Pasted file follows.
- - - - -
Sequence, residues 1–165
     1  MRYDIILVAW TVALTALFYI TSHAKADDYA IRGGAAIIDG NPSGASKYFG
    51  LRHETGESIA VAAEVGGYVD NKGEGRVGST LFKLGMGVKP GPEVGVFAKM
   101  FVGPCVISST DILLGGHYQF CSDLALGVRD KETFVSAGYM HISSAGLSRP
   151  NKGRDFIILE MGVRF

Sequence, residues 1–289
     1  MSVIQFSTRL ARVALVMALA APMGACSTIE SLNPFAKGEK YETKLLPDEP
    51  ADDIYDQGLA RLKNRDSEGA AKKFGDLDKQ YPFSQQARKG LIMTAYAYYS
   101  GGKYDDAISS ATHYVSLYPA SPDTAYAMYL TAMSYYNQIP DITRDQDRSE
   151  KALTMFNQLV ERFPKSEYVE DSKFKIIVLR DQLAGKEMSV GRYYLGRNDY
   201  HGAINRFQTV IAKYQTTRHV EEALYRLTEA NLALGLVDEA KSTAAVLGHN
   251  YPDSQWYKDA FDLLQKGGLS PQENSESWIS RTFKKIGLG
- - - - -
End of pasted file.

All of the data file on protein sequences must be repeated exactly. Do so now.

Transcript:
Sequence, residues 1–165
     1  MRYDIILVAW TVALTALFYI TSHAKADDYA IRGGAAIIDG NPSGASKYFG
    51  LRHETGESIA VAAEVGGYVD NKGEGRVGST LFKLGMGVKP GPEVGVFAKM
   101  FVGPCVISST DILLGGHYQF CSDLALGVRD KETFVSAGYM HISSAGLSRP
   151  NKGRDFIILE MGVRF

Sequence, residues 1–289
     1  MSVIQFSTRL ARVALVMALA APMGACSTIE SLNPFAKGEK YETKLLPDEP
    51  ADDIYDQGLA RLKNRDSEGA AKKFGDLDKQ YPFSQQARKG LIMTAYAYYS
   101  GGKYDDAISS ATHYVSLYPA SPDTAYAMYL TAMSYYNQIP DITRDQDRSE
   151  KALTMFNQLV ERFPKSEYVE DSKFKIIVLR DQLAGKEMSV GRYYLGRNDY
   201  HGAINRFQTV IAKYQTTRHV EEALYRLTEA NLALGLVDEA KSTAAVLGHN
   251  YPDSQWYKDA FDLLQKGGLS PQENSESWIS RTFKKIGLG